the dti

The Department of Trade and Industry (the dti) promotes structural transformation creating a dynamic industrial and globally competitive economy. It broadens participation in the economy to strengthen economic development and continually aims to respond effectively to the needs of South Africa’s economic citizens. MORE>>


The Industrial Development Corporation (IDC) is the national development finance institution promoting economic growth and industrial development. The organisation’s primary objectives are to contribute to the creation of balanced, sustainable economic growth in South Africa and the rest of Africa. MORE>>


Quick Press

Life is much easier at Quick Press Manufacturing since the company upgraded its machinery through the Department of Trade and Industry's Manufacturing Competitiveness Enhancement Programme (MCEP).

March 19, 2014

mcep-quickpress insideLife is much easier at Quick Press Manufacturing since the company upgraded its machinery. It has boosted business, bumped up staff numbers and “allowed a lot more time for quality living”.

Quick Press Manufacturing in Alrode, an industrial district on the outskirts of Johannesburg, has been around for about as long as South Africa has been a democracy – the business opened its doors in February 1994.

It is owned by Harry Potgieter and Ken McAllister and employs 148 people. Quick Press Manufacturing specialises in sheet metal manufacturing, and it does laser cutting and punching, steel fabrication and just about anything to do with converting the raw steel product into powder-coated and finished metal products.

However, as Potgieter will tell you, the road to a successful manufacturing business comes with its challenges, and keeping up with the competition is a hard race to win without the right equipment.

His son, Deon Potgieter, the company’s technical director, explains: “The main challenge is keeping up with technology. In our business, you cannot lag behind; otherwise you are going to fall short very quickly.”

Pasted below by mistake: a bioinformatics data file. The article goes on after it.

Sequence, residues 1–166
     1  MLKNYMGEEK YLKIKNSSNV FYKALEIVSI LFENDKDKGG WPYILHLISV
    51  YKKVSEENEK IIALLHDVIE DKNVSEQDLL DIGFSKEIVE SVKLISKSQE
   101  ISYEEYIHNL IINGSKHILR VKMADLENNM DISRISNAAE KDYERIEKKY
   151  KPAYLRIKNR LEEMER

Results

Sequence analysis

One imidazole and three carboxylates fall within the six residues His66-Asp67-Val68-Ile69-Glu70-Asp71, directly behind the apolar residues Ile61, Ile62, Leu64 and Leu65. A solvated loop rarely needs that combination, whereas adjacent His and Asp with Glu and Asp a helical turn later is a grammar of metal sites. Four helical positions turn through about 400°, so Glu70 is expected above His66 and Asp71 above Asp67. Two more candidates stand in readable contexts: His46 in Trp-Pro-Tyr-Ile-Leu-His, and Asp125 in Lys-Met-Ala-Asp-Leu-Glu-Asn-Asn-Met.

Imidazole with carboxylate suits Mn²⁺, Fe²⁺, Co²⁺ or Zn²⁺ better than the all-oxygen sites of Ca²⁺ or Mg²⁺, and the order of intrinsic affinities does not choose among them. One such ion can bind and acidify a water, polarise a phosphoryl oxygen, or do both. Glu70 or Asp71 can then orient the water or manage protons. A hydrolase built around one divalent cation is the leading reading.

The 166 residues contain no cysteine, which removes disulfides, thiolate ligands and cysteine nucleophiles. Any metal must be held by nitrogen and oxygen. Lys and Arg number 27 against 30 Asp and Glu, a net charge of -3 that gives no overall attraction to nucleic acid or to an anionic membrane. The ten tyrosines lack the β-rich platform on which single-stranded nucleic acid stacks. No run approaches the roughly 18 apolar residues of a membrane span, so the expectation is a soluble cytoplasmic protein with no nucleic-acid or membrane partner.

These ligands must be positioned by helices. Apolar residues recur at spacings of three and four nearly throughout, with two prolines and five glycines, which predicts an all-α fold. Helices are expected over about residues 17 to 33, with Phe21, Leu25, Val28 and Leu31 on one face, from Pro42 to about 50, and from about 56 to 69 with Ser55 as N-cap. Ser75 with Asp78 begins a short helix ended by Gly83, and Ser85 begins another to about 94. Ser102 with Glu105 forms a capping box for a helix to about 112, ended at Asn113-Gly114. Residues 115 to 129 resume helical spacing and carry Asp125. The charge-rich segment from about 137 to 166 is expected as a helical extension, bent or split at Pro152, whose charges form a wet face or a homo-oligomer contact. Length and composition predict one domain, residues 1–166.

The younger Potgieter says that upgrading equipment was a necessity, and the company approached the Department of Trade and Industry under its Manufacturing Competitiveness Enhancement Programme in August 2012. “The [MCEP] allowed us to expand our business. It allowed us to employ new people and provide training for them, which has obviously helped us and the staff as well.”

He says the company made its application through consultants, which made the entire process much easier. In December 2012, Quick Press Manufacturers was notified that its application for an MCEP grant was successful. Having extra funds available to plough into new equipment made the world of difference in terms of keeping up with the competition and expanding the business. The grant was paid out in May 2013.

“It has definitely made a difference. We have come out of an era where everything was done step by step without the aid of modern-day machinery – it’s allowed ourselves a lot more time for, I’d say, quality living,” adds the younger Potgieter.

The company bought heavy duty equipment to bring it into the modern age, including an Amada Laser Cutting Machine. Quick Press Manufacturing now does laser cutting of steel, brass, copper, wood, Perspex and plastics. “I definitely recommend that other businesses should apply. It allows you to grow your business and it’s definitely the way to go.”

Potgieter believes that Quick Press Manufacturing would never have been able to upgrade the business the way it has without financial assistance. “The Industrial Development Corporation and the dti are really making a difference in helping us grow our business. The business has definitely been enhanced and our growth has been phenomenal – an increase in turnover and has also allowed us to up production quite a lot.”

Programmer draftsman Jovan Sales adds: “With the new machines we can do basically anything. It has improved on the manufacturing side, the design time – all the basic things, like doing the programming side. It has improved very much.”

His sentiments are echoed by machine operator Siphiwe Tshabalala, who says he has learned much at Quick Press Manufacturing in terms of his work. On a personal level he can also feel the difference, he adds. “My life has changed a lot. Like now I am a married man and I have two children, and even my children have learned more at school because of this job. I am proud of my job.”

Supervisor and machine operator Joseph Kumbane agrees that life is much easier. The Amada machinery is more user-friendly than the old equipment he used to work on – and “it’s much faster as well”.

“With the help of the IDC and the dti I really think that within the next five to 10 years the business will grow and we will up our turnover by at least another 30 percent,” says Potgieter junior.

The shareholders, the elder Potgieter and McAllister, have a big vision for Quick Press Manufacturing going forward, which means a better business and more people being employed.